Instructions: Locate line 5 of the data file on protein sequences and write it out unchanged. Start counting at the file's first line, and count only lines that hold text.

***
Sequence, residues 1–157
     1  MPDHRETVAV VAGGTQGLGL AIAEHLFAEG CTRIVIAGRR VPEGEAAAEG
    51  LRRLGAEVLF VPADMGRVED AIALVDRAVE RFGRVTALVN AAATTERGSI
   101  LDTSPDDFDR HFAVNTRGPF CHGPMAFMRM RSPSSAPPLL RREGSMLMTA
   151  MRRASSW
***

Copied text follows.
   151  MRRASSW